Beyond focusing on the weapons system leg, Israel must address the new enrichment facility built deep underground in Natanz, so that Israel (and the US) do not find themselves facing a bomb-proof facility. Currently, there are still other ways to damage it before it is operational. The facility will serve as a hideout for installing advanced centrifuges, for high-level industrial enrichment, allowing the construction of many bombs and the transitioning to military-grade enrichment of 90%.

It is clear that the current priorities are the hostages, Gaza and the north. Still, the overarching goal remains to prevent the Iranian plan from exploiting the chaos to reach a nuclear capability, especially now in light of the expected changes in Iran.

There might have been an expectation of a change in the American approach, but to the best of my assessment, this will be an illusion, regardless of Raisy’s death. The Biden administration will not attack Iran and will try to prevent Israel from doing so in every way. Just last week, talks took place between the US and Iran to convince them to lower the flames against Israel and American forces and even to reach a new nuclear agreement. Raisi’s death is not expected to lead to a change in this approach, even if the Iranians will intensify their nuclear actions.

The US and Israel must strike together at the head of the octopus and its arms. It is also time to apply tough financial pressure on the Islamic Republic and not ease up on it, as the administration has recently done. The US must take advantage of the expected chaos in Iran and aggressively enforce oil sanctions against traders, refineries, and Chinese banks and fight the tens of billions of dollars passing in off-the-books trade.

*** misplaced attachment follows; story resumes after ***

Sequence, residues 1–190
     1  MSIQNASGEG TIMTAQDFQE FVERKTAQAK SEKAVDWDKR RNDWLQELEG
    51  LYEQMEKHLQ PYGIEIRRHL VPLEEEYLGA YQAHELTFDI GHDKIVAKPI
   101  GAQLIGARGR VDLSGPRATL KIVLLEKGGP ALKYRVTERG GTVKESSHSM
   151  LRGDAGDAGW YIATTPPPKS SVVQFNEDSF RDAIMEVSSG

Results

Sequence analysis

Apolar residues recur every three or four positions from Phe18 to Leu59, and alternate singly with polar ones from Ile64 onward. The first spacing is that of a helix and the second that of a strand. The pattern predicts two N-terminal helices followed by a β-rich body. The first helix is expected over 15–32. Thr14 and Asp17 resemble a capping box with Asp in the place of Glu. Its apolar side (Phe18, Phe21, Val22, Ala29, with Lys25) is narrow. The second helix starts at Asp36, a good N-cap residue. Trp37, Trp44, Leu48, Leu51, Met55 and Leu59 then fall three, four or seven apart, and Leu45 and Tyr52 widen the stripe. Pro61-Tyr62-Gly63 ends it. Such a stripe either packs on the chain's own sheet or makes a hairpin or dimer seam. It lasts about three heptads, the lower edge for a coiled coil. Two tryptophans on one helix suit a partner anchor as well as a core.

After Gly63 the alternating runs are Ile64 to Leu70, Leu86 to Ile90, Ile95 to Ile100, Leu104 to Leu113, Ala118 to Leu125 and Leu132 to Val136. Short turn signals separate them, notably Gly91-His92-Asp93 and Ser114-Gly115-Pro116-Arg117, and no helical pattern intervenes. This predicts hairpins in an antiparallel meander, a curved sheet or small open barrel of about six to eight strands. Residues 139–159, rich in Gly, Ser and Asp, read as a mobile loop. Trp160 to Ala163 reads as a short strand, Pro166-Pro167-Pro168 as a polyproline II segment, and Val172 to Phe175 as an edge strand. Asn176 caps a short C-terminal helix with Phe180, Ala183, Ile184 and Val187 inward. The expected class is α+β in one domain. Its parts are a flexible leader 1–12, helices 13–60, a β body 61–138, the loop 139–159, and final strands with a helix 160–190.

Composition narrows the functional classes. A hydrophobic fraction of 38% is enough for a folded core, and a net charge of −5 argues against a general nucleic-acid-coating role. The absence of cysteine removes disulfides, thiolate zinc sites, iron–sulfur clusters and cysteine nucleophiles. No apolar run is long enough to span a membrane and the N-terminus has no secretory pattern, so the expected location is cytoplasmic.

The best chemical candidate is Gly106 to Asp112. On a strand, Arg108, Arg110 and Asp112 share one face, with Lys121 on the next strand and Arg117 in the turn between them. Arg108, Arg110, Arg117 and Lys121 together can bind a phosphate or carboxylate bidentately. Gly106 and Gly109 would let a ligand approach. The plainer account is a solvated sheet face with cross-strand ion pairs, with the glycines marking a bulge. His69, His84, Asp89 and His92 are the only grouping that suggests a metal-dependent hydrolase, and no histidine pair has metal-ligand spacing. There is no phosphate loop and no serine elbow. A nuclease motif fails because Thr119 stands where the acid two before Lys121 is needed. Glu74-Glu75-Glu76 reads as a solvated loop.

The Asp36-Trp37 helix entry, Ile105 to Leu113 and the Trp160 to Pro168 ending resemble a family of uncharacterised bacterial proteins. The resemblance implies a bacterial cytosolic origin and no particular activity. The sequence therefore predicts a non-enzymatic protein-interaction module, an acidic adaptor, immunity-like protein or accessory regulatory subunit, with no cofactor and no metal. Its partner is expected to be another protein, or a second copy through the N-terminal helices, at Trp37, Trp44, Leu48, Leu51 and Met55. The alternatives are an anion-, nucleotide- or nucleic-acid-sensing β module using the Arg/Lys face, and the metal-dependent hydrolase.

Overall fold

It will be a mistake to expect the IAEA and its director (who does not hide his goal of being elected as UN Secretary-General) to take any action against the ongoing Iranian nuclear violations. As usual, ahead of the Board of Governors meeting in Vienna, we will see American groveling and a push to avoid any sanctions and even issuing a report pointing out the ongoing Iranian violations, in line with European demands. The US’s ultimate goal is to reach the November elections without confrontations.

The White House behaves as if Iran, Hamas, and the Palestinian Authority are separate challenges. Sullivan’s recent visit to Israel and the messages he conveyed indicate the depth of the administration’s mistakes. Raisi’s death and the absurd decisions of the ICC in issuing arrest warrants against the prime minister and the defense minister can provide the US with a ladder to climb down from the tree.

Israel has no choice but to confront the Iranian threats on all fronts, and it cannot allow Tehran to encircle it with a “ring of fire”. The time has come to take off the gloves and be ready to go on offensively against Iran and the Palestinian Authority, which initiated the appeal to the ICC. The PA is part of the problem and not part of the solution. It would be better for Israel to confront the threats together with its best ally, the US, but Israel must be prepared to face them alone, as well.

The writer is a senior fellow at the Foundation for Defense of Democracies (FDD) and a professor at the Technion. He served as the national security advisor to Prime Minister Netanyahu and as the acting head of the National Security Council.